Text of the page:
Paz explains, “I met Stoupe a long time ago; it was like 1991 through a mutual friend and he was like, ‘My man got crazy beats, this and that’. Within a few weeks we were making demos and maybe a year after that, I met Jus Allah at this party and I heard he was dope – that was like 1992. At that point, we were all about getting a deal and trying to get signed. We had some deals on the table but I was pretty young so I didn’t know what was going on. By 1995 we’d put together a tape and scraped up some money and put the first record out independently – music-out-the-trunk basically!”
And music-out-the-trunk continues to be the modus operandi for JMT. Sure, while now you can buy their records digitally and in-store, they have never been about achieving massive commercial success. But their legions of loyal fans remain committed to their hard-hitting lyrics and bass heavy production regardless. And Vinnie is completely comfortable with it.
“For us as a group, I feel the evolution has come sort of organically. We’ve never been about being popular; we’ve never made a concerted effort to change anything about our process or the way we do things. Anything that you do, you grow as a person.
“If you’re conscious of what’s going on around you, what has worked and what hasn’t worked, what people like and what they don’t like, you think back to what has worked in your career. But you’re always growing as a person. Just to reiterate, there hasn’t ever been a conscious effort to do anything other than hardcore rap music. Maybe philosophically something has changed, but you wear your heart on your sleeve and it reflects where your head’s at.”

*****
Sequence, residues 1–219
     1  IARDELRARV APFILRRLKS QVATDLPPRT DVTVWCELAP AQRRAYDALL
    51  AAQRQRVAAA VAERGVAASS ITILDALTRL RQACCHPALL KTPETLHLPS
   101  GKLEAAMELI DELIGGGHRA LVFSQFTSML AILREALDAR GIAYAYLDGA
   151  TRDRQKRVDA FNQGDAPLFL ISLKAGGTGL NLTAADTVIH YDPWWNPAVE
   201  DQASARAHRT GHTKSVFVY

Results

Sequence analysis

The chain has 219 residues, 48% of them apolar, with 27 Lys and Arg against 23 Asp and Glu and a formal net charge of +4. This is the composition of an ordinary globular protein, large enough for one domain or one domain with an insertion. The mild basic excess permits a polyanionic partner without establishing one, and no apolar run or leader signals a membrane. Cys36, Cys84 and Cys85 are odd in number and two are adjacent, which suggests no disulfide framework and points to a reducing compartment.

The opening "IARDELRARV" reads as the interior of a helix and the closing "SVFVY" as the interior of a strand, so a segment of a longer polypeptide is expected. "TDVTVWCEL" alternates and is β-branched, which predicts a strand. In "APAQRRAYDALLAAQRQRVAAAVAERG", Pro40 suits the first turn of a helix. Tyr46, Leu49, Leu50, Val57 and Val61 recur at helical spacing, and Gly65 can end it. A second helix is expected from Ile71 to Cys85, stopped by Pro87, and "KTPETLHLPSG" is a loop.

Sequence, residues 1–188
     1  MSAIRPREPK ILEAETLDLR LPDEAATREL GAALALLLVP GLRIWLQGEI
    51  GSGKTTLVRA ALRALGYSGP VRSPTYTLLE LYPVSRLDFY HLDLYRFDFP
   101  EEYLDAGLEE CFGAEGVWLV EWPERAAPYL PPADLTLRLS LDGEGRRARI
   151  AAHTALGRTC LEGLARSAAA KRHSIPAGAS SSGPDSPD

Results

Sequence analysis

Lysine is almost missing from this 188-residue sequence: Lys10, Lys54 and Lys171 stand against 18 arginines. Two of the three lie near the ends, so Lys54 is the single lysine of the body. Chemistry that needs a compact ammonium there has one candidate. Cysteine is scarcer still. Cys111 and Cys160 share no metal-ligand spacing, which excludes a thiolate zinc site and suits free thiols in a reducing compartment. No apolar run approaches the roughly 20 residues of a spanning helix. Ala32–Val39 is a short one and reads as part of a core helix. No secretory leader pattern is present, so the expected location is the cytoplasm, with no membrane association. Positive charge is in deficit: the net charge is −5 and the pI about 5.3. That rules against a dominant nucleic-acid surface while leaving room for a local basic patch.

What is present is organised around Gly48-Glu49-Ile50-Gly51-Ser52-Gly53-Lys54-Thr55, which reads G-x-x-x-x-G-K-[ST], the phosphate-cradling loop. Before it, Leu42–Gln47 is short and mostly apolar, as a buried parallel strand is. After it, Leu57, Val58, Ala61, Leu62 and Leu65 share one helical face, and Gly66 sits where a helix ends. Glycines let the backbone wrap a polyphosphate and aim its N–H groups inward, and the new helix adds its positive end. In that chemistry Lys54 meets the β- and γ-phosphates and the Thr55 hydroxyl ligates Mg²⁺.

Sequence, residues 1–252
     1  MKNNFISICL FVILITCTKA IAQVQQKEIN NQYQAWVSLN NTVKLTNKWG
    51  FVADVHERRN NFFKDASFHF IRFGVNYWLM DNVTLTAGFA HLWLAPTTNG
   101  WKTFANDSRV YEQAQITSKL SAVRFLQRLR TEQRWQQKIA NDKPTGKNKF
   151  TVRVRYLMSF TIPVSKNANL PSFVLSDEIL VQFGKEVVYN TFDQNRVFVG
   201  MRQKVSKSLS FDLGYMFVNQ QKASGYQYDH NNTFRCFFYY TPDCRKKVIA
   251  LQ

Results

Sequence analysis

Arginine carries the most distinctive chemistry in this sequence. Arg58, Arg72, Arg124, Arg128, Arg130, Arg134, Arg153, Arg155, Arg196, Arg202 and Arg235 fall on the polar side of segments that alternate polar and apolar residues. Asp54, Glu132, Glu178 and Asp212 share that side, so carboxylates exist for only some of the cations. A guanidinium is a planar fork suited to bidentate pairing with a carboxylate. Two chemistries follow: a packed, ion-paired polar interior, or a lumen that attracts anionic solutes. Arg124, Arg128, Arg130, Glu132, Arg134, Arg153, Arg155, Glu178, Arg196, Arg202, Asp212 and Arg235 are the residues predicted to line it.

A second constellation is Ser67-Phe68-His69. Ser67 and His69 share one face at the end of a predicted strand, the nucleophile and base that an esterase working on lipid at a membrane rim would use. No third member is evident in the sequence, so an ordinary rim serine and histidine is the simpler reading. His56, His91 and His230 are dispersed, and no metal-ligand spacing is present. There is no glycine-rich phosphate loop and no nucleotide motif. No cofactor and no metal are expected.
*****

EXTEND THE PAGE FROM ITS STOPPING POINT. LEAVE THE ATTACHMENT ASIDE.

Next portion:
Indeed, their just-released album Violence Begets Violence is another masterstroke of the horror-core rap genre. Leading on from everything that has come before, it is the raw, gritty, street rap that fans have come to expect from the posse. “I can only give my perspective, but I think the reason we’ve been a success is because I never saw myself doing anything else. I never wanted to be a lawyer or doctor or accountant. I feel like that if there is a plan B you’ve admitted there is a chance of failure,” Paz mentions. “When failure isn’t an option, you conduct yourself differently and you sort of realise that you have tunnel vision. It’s an honour to do something for your friends or family that you couldn’t do in the past for whatever reason. You want to look after the people that looked after you. I’m cool with not being a superstar on MTV; I’ve never really wanted that. I’m just blessed to be hanging with my boys and doing things that I enjoy.”
That said, Paz also has had a successful career with his own solo project, titled surreptitiously enough, Vinnie Paz. His material maintains the saw raw edge and features the usual smattering of good friends making cameos. “It has always been something I’ve wanted to do. And regardless of what the music is, when you’re doing something with the same people you’ve worked with for your whole career, doing something fresh and different can revive you in every aspect.”
“Doing my solo project really has reinvigorated me to do better stuff inside Jedi as well. The science behind it wasn’t necessarily something that was calculated as much as it was something I just wanted to do. When we dropped Army Of The Pharaohs and we were touring a lot, I got really run down on the road. I needed an extended period off the road so I went back to making music and the solo record just filled the space that way.